No! I am an introvert (mostly) I have my moments…. but I LOOOVEEEE to ponder, and think and consider things and I love my own company!


            • Susan P says:

              One of the oddest things that has happened to me is that I was hired to teach in a private school because the director of the school liked it that I stopped and thought through her questions before I answered them. Unfortunately, she wanted me to also be extroverted when she brought the parents of potential students. She got really upset when I didn’t live up to her expectations, and scolded me. Of course, prospective parents tend to show up at lunch time or after school. I love teaching, but when the kids left I shut down for the day.

              • Miss Lou says:

                I understand. I really hate sensing that pressure and I try to be considerate of how other people work through their stuff and choose to interact. It’s easier said than done, and not all of us are aware or even aware about the experiences of other people.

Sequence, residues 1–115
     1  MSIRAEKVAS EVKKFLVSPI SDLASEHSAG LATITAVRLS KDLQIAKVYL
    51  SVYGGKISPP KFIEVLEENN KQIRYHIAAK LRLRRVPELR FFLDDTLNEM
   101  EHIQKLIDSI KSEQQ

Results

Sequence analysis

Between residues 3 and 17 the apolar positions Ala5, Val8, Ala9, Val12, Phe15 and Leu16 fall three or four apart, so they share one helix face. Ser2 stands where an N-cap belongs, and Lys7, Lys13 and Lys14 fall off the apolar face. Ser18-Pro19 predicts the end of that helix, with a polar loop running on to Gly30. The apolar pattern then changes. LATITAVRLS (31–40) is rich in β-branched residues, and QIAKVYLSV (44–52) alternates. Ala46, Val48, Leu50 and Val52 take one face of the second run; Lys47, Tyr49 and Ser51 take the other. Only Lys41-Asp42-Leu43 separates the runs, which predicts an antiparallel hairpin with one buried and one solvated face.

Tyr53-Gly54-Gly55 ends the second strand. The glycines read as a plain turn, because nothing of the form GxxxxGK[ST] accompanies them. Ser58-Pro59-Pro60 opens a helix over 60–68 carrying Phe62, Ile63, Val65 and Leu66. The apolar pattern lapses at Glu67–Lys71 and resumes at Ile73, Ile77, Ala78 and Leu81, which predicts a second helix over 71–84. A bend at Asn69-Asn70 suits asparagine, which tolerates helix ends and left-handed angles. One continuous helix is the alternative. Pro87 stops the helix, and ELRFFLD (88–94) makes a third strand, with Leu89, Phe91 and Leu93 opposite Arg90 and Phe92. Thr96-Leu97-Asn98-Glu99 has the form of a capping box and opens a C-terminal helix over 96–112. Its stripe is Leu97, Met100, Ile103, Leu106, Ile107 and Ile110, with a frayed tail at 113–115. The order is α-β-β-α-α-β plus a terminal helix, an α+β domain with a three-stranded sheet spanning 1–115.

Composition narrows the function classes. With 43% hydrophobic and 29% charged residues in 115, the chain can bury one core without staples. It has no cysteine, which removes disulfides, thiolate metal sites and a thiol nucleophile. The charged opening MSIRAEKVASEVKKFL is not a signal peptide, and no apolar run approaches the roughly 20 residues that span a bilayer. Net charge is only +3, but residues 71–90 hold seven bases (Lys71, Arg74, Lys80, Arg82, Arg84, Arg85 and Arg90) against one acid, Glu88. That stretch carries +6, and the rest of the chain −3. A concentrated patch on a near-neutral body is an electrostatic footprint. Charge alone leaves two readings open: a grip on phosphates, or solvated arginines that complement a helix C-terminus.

4. Ramona says:

    As an introvert, I always feel like wearing a sign that says, “Hello! Yes, I am okay. I am not mad. I don’t feel the need to reply to every sentence.” I am lucky that my husband is an introvert but for some reason his family is always trying to “bring me out of my shell.” I am just find in my shell. LoL

  5. Charleen says:

    My husband is an extrovert. Six years in and we’ve already realized that it’s better for all involved if he goes to most things on his own. And when I do come with, he knows I won’t want to stay very long.

    Happy anniversary!

    • Susan P says:

      It took us a LOT longer, but then my husband is very high function autism spectrum and comes from a long line of hard-headed people. 😀 (As do I, so there you have it.) Thank you for the anniversary wishes.